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US Presidential Debate: Hot Mess

Nobody expected the first debate between President Donald Trump and his Democratic challenger, Joe Biden, to calm policy ideas. This could go down as the most vicious Presidential debate ever. The debate was replete with personal attacks that saw moderator Chris Wallace struggling to control Trump. Trump delivered aggressive attacks, but Biden threw counter-punches while directly talking to the TV audience. We are not sure who won this round, but the United States stood like a loser to the world through this debate.

A Sheer Chaos

The first debate between President Donald Trump, 74, and former Vice President Joe Biden, 77, quickly went off the rails, with each side lobbing bitter attacks and frequently talking over each other. Trump delivered a performance that amounted to shouting his Twitter feed at his challenger. Biden, however, had come prepared exactly for this scenario and stayed true to the survival strategy that his team had designed — speak to the people, not to the President.

Trump was at his fiery best and his supporters would have loved to see that. Trump tangled with debate moderator Chris Wallace early in the night, repeatedly interrupting a question about why he hasn’t released a comprehensive health care plan to replace the Affordable Care Act. “If I may ask my question, sir,” Wallace, the Fox News journalist, pressed as Trump kept cutting him off as he tried to ask the question. “First of all, I guess I’m debating you, not him,” Trump shot back at Wallace. “I’m not surprised!

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• Biden snapped at Trump just about 20 minutes into the debate after a line of questioning on the Supreme Court went off the rails. “Will you shut up, man?” Biden said after Trump repeatedly talked over him. “This is so unpresidential.” At times, the debate was an unintelligible jumble of the two candidates and Wallace talking over each other. As Wallace tried to move to the next topic area, Biden quipped “that was a really productive segment, wasn’t it? Keep yapping, man.”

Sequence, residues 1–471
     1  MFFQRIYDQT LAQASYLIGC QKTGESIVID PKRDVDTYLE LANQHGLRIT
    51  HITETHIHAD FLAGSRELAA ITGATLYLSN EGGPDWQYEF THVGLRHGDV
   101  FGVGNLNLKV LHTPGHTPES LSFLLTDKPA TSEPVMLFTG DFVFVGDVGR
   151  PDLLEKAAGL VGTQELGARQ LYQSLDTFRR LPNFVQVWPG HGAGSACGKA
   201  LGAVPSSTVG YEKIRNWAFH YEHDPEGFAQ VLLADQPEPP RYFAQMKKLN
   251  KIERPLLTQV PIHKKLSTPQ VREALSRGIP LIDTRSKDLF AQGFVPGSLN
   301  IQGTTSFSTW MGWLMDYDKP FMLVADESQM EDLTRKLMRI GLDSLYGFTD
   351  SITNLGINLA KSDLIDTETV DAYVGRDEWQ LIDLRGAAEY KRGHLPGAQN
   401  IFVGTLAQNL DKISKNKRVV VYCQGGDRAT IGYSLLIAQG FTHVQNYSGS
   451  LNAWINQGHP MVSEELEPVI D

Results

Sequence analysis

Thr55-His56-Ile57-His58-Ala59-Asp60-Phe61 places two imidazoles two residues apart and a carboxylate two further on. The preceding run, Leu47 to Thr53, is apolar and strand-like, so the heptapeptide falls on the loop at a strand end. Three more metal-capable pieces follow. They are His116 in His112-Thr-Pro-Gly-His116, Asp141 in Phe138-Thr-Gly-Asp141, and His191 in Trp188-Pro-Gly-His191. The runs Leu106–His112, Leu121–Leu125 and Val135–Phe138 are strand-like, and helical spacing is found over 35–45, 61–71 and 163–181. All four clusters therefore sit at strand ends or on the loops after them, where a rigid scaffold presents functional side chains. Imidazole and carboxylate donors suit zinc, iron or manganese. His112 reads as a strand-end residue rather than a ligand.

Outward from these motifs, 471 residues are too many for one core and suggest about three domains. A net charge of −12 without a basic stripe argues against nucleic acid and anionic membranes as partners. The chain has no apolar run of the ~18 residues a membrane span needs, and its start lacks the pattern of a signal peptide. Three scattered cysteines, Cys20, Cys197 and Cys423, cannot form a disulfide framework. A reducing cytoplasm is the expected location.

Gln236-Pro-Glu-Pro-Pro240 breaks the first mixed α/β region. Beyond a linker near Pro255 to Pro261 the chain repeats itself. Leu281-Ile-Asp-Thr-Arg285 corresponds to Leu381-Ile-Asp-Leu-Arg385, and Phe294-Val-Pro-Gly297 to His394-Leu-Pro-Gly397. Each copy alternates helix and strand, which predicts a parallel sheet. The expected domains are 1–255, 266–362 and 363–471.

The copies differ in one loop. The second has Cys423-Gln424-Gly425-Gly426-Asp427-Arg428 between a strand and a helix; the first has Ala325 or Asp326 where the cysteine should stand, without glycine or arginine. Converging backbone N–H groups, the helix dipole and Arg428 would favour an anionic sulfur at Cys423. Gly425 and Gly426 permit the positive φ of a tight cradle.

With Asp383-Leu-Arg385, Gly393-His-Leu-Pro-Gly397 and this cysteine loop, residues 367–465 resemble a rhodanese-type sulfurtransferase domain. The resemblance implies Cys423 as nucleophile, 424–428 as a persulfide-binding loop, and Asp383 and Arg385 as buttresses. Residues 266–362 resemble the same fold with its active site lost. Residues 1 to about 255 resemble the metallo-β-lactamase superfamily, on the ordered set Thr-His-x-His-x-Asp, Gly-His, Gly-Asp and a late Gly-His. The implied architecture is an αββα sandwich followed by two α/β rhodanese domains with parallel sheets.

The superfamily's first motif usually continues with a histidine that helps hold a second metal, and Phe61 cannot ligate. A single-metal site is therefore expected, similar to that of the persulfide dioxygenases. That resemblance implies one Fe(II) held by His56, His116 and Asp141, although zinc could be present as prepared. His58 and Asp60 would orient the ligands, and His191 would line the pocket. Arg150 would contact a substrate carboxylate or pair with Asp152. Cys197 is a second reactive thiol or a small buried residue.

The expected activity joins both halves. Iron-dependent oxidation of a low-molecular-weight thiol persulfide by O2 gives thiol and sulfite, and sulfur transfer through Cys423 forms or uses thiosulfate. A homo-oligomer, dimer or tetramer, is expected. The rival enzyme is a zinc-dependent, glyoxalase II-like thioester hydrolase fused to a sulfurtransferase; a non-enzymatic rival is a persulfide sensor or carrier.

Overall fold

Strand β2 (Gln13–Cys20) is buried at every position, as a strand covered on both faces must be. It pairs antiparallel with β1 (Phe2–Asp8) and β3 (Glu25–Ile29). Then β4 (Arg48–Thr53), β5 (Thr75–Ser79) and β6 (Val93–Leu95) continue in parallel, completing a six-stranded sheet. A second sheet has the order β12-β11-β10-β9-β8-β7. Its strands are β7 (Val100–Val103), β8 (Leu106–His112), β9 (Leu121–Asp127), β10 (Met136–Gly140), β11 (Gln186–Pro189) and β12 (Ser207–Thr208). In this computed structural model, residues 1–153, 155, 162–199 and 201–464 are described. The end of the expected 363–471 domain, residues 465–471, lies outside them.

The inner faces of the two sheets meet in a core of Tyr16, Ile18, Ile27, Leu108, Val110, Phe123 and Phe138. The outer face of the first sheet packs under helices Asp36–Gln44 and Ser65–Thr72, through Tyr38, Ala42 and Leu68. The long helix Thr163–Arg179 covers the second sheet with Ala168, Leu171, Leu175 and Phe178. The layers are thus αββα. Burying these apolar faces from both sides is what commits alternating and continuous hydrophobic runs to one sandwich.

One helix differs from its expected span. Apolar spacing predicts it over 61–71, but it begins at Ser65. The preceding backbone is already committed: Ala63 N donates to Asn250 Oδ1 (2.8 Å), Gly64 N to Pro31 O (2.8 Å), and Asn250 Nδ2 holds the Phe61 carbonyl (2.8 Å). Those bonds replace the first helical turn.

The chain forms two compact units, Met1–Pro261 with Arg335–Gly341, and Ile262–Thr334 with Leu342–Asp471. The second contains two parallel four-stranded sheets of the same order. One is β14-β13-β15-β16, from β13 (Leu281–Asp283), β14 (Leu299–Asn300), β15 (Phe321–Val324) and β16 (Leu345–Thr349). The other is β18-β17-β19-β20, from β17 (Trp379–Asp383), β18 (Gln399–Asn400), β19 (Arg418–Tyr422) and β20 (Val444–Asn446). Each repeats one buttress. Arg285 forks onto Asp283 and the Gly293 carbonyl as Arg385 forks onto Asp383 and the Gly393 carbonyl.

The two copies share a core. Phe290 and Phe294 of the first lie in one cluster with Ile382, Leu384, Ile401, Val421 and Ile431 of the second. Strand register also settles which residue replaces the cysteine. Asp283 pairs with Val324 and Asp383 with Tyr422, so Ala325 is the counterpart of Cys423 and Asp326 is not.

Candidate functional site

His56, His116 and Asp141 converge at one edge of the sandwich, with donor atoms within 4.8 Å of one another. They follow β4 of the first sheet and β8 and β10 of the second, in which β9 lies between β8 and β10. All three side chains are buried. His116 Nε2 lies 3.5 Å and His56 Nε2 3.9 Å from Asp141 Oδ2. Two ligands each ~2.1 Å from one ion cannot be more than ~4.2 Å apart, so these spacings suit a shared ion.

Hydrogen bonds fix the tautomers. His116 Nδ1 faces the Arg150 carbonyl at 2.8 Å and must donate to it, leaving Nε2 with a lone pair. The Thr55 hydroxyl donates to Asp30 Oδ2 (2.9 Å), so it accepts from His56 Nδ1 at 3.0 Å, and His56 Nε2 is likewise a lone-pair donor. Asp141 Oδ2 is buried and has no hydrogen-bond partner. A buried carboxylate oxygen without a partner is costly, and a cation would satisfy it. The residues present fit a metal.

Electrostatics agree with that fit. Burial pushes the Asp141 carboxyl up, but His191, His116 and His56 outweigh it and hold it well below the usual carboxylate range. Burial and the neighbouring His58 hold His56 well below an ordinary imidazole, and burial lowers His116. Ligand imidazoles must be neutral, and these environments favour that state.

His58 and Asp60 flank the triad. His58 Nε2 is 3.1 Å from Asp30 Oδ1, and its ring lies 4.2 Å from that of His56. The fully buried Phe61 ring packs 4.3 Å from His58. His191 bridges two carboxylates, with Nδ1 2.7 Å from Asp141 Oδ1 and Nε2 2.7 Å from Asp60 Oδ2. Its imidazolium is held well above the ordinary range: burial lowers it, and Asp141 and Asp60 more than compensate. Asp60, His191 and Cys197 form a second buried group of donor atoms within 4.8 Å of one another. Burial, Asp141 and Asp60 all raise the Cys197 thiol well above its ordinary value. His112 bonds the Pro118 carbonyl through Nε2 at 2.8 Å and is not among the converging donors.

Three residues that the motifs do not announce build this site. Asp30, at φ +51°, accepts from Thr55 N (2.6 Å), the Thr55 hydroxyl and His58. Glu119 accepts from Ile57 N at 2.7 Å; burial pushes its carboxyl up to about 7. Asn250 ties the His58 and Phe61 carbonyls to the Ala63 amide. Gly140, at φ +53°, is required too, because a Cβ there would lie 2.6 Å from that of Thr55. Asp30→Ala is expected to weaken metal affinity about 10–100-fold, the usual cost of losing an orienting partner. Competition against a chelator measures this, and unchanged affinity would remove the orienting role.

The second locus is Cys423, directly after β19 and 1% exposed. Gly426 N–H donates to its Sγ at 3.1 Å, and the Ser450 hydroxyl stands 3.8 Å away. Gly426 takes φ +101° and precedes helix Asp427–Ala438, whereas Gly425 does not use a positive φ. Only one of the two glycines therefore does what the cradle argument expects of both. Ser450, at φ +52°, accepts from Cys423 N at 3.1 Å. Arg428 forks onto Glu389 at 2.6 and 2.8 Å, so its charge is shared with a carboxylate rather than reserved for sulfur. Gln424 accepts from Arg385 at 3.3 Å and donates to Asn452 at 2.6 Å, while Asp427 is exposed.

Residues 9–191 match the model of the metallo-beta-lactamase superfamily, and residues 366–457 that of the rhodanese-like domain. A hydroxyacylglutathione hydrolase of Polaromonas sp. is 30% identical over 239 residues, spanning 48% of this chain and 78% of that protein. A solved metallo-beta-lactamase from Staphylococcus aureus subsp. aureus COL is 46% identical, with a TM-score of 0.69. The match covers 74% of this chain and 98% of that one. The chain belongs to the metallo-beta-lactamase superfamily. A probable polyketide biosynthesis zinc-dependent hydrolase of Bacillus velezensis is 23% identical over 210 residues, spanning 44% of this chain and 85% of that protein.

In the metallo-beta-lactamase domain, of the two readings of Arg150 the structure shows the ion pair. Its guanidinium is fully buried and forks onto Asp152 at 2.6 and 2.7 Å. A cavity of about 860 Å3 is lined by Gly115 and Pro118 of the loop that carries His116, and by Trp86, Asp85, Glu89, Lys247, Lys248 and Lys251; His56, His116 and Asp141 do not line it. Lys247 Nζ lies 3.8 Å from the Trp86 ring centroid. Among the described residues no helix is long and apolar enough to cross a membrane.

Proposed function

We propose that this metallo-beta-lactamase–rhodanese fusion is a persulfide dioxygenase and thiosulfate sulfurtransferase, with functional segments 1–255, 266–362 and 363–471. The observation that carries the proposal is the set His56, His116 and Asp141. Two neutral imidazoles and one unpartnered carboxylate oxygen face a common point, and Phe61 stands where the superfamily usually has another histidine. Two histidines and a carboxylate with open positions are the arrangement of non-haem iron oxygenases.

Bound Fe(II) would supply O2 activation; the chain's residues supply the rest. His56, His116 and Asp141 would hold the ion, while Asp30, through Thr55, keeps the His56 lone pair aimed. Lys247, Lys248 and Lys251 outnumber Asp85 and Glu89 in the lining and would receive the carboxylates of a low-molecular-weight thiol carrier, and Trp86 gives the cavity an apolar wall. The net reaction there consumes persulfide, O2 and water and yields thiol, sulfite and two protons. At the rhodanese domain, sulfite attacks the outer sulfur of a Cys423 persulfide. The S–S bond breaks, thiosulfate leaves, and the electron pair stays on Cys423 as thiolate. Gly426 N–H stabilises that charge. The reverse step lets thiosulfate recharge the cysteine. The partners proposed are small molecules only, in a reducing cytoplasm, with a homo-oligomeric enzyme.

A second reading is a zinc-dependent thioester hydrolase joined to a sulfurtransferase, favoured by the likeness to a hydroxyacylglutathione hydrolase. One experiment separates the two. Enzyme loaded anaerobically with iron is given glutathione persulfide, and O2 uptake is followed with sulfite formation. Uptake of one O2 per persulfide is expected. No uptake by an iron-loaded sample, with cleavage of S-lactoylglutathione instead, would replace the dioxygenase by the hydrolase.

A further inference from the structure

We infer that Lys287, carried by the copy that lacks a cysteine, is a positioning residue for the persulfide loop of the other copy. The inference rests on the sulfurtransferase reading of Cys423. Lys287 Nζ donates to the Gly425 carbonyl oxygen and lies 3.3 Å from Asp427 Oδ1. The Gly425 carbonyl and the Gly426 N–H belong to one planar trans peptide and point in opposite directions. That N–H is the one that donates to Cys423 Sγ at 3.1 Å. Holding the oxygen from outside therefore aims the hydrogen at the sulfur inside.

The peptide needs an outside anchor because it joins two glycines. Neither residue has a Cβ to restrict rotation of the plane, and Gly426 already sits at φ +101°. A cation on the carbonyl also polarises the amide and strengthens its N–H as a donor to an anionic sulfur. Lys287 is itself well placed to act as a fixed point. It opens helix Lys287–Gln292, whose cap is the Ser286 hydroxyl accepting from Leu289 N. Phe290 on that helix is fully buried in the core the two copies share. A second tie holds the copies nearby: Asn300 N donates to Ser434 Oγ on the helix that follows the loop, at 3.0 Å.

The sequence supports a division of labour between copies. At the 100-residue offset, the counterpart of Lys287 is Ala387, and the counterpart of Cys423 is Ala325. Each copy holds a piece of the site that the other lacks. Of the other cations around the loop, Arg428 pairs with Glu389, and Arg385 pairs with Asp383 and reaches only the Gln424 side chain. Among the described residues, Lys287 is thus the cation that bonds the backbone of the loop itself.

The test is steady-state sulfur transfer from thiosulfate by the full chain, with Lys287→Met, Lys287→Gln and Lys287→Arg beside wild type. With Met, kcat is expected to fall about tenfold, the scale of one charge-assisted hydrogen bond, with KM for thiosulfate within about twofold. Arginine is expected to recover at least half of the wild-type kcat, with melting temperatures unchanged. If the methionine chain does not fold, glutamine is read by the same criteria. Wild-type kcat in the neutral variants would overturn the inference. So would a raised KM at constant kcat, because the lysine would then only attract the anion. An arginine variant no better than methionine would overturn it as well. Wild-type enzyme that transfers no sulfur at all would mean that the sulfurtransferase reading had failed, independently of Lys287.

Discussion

Disappointing Debate, Barbaric stage

The 90-minute event was a chance for the candidates to show a clear contrast, describe their plans, and convince Americans they can do the job. But for much of the debate, only two things were evident: Former vice president Joe Biden is actually quite old and President Trump isn’t presidential.

• To be sure, heading into the event there were very few undecided voters. Most of those watching know who they are voting for, but hoped to cheer for their side. But there was nothing to cheer for. The debate was often disorienting, hard to follow and involved a number of norm-defying moments.

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Biden has led every poll over Trump all year. He just needed to seem plausibly presidential – and not mess up – for this debate to be a non-event. Trump, meanwhile, needed the debate to alter the trajectory of his campaign and give him momentum for the first time all year. With just five weeks to go before November 3, Trump needed a debate performance that shifted attention in the campaign from his performance in office to Biden’s vulnerabilities. And thought Trump did try his best to get as personal as possible, Biden survived most of those attacks. But Biden didn’t really try to do more than just survive in the debate.

• Biden had to do two things in this debate. First, he had to project that he could do the most stressful, complicated, and important job in the world. Second, he had to make sure that this debate didn’t change his significant lead over Trump. On the first point, Biden wasn’t able to instill confidence.

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What Is India’s takeaway ?

At the outset, it needs to be underscored that Biden would bring a wealth of knowledge and experience with foreign policy. For decades, he has not only served on the Senate Foreign Relations Committee but has, on more than one occasion, served as its chair. Consequently, he is no stranger to vital issues in contemporary international politics.

His background and experience stand out in marked contrast to those of Trump. Unlike Biden, who has a sophisticated understanding of world politics, Trump entered the presidency with a set of simplistic views about the world. Once in office he used his vast prerogatives to upend a range of commitments and policies which had, for the most part, enjoyed support across American ideological divides. To that end he withdrew from Nafta, from the Paris climate change accords and even questioned the utility of Nato, a virtual cornerstone of American security policy since the early days of the Cold War.

It is true Biden and Harris have expressed concerns about the state of human rights in Kashmir. Yet to pin their likely foreign policy posture towards India on their views about a single, albeit fraught, issue overlooks much evidence that offers hope for a rejuvenated and more cordial partnership.

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